Mesenchymal stem cell therapy unable to rescue the vision from advanced Behcet's disease retinal vasculitis: report of three patients
Article first published online: 18 JUN 2013
© 2013 The Authors International Journal of Rheumatic Diseases © 2013 Asia Pacific League of Associations for Rheumatology and Wiley Publishing Asia Pty Ltd
International Journal of Rheumatic Diseases
Volume 16, Issue 2, pages 139–147, April 2013
How to Cite
Davatchi, F., Nikbin, B., Shams, H., Sadeghi Abdollahi, B., Mohyeddin, M. and Shahram, F. (2013), Mesenchymal stem cell therapy unable to rescue the vision from advanced Behcet's disease retinal vasculitis: report of three patients. International Journal of Rheumatic Diseases, 16: 139–147. doi: 10.1111/1756-185X.12068
- Issue published online: 18 JUN 2013
- Article first published online: 18 JUN 2013
- Behcet's disease retinal vasculitis;
- mesenchymal stem cell;
- stem cell transplantation;
Retinal vasculitis (RV) is the most aggressive lesion of ocular manifestations of Behcet's disease, seen in 32.1% of patients. Although visual acuity (VA) improves with early and aggressive treatment, in the long run it is seen in only 48% of patients. Mesenchymal stem cell (MSC) transplantation (MSCT) can theoretically reverse the RV process.
Patients and Methods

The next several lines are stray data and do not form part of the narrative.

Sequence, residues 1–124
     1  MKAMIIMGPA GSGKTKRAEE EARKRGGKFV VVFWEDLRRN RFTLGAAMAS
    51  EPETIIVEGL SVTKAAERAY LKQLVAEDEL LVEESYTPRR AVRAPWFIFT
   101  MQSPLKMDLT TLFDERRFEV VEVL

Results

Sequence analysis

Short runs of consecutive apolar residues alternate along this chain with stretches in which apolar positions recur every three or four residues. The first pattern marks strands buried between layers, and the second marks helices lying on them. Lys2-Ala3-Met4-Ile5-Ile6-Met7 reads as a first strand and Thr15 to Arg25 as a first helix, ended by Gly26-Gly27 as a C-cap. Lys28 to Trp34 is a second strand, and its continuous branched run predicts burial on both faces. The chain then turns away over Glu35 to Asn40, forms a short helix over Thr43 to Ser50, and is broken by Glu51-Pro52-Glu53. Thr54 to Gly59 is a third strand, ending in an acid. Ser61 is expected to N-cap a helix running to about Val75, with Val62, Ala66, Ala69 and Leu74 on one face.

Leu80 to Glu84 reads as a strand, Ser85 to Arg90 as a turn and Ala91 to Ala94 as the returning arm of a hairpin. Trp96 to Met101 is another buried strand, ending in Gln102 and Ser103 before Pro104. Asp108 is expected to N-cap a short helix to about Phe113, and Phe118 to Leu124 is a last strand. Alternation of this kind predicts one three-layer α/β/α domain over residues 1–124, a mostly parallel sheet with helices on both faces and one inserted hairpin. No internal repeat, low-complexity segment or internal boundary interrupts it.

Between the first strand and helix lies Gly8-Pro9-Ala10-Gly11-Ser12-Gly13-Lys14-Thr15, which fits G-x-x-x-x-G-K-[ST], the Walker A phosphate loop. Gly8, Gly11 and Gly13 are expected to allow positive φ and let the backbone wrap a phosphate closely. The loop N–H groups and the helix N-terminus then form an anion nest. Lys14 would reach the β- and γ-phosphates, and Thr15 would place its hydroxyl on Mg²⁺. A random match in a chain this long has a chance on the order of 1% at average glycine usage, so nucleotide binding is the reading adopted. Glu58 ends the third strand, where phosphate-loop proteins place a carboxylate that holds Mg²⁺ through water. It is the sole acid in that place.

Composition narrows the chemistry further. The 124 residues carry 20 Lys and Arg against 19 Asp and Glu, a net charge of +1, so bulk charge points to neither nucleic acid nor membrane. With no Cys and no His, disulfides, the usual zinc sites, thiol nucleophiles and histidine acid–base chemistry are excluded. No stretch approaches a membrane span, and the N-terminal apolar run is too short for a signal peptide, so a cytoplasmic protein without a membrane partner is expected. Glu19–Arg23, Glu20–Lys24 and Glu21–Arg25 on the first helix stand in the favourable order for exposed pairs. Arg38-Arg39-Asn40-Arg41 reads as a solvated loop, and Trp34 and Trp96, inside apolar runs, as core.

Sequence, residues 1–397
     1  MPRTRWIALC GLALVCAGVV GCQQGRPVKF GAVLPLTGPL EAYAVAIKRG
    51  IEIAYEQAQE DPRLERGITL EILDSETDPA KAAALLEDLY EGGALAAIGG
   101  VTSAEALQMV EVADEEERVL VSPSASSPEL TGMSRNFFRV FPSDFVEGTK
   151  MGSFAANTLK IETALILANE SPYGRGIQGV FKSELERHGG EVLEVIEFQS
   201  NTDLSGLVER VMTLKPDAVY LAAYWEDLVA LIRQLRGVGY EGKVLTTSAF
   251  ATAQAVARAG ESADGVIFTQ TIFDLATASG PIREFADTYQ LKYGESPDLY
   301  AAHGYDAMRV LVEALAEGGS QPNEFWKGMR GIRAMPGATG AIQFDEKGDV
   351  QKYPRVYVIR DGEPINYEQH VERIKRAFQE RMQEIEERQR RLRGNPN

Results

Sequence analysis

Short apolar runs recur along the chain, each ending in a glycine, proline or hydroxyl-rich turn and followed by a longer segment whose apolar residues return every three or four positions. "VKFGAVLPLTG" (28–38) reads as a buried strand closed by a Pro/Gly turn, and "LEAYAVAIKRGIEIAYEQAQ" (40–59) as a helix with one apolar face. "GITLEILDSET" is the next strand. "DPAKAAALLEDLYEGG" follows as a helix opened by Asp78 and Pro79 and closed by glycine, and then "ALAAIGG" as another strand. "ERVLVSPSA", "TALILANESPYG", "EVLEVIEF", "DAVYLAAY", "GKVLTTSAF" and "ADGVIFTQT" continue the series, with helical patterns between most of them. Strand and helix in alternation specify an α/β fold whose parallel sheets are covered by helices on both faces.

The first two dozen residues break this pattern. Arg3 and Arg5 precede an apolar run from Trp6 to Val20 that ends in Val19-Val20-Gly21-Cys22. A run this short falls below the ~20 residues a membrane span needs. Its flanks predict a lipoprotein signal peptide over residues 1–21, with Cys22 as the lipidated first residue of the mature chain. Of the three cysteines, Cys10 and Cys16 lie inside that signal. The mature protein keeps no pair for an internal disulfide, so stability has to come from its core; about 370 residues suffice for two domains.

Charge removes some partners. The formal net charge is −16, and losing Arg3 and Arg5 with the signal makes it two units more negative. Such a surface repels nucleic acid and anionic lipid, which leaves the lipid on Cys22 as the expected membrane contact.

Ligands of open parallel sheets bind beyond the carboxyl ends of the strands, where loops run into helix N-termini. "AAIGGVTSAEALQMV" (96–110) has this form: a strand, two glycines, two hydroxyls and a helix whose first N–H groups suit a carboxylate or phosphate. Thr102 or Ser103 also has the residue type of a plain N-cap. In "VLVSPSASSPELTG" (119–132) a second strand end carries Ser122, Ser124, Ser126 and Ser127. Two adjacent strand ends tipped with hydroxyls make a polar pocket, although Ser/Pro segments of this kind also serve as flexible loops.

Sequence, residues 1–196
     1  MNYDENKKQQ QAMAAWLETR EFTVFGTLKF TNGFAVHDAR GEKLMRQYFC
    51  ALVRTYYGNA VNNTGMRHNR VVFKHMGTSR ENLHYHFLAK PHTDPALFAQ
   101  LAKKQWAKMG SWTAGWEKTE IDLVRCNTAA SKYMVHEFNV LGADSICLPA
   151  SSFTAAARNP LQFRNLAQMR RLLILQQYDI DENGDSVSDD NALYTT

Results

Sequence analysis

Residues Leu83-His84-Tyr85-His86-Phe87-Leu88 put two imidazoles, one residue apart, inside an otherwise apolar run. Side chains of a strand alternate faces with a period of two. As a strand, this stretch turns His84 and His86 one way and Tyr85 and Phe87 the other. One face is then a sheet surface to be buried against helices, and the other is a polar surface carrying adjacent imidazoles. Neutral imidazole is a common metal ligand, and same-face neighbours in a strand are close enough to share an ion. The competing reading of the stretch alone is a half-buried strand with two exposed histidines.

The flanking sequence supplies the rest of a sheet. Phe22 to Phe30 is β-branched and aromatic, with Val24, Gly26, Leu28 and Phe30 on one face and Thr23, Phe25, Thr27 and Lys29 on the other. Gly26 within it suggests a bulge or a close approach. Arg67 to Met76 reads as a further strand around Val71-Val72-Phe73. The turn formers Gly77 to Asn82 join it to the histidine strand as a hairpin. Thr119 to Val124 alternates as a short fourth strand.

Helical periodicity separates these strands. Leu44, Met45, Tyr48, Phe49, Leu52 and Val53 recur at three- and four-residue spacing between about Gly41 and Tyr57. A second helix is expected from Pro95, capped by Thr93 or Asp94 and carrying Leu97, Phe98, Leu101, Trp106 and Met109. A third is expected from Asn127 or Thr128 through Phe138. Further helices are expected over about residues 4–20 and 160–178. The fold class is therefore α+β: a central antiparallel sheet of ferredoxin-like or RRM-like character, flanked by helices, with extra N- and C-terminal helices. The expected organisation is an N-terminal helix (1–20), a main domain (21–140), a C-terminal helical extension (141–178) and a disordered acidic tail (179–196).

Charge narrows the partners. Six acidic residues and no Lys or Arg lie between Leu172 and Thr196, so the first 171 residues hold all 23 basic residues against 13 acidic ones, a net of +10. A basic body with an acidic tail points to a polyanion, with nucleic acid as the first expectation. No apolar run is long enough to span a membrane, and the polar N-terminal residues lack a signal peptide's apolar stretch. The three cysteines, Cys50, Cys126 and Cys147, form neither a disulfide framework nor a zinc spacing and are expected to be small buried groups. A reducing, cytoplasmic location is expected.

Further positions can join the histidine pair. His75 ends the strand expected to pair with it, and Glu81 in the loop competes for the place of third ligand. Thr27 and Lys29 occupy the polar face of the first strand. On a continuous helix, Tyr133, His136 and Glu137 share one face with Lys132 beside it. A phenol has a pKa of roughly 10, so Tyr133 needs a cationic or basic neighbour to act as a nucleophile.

Three patients with advanced RV and very low VA were selected. Eyes selected for MSCT were legally blind (no useful vision) with severe retinal damage due to vasculitis, resistant to combinations of monthly pulse-cyclophosphamide (1000 mg) + azathioprine 2–3 mg/kg/day + prednisolone 0.5 mg/kg/day. After patient signed written consent, 30 mL of bone marrow were taken and cultured for MSC growth. After having enough MSCs in culture (4–5 weeks) and taking into consideration all safety measures, cells were injected in one eye of each patient (approximately 1.8 million MSCs). VA was measured. Disease Activity Index (DAI) was calculated for anterior uveitis (AU), posterior uveitis (PU) and RV.
Visual acuity was light perception (LP) for two patients and finger count (FC) for the third. Follow-up at 1, 6 and 12 months were respectively LP/LP/FC at 0.5 m, no-light perception (NLP)/LP/LP, NLP/LP/NLP.
Results showed a total failure of the procedure, essentially due to the late and advanced state of vasculitis. However, the autoimmune/inflammatory reaction was greatly controlled by the procedure.
Earlier cases have to be selected for further trials.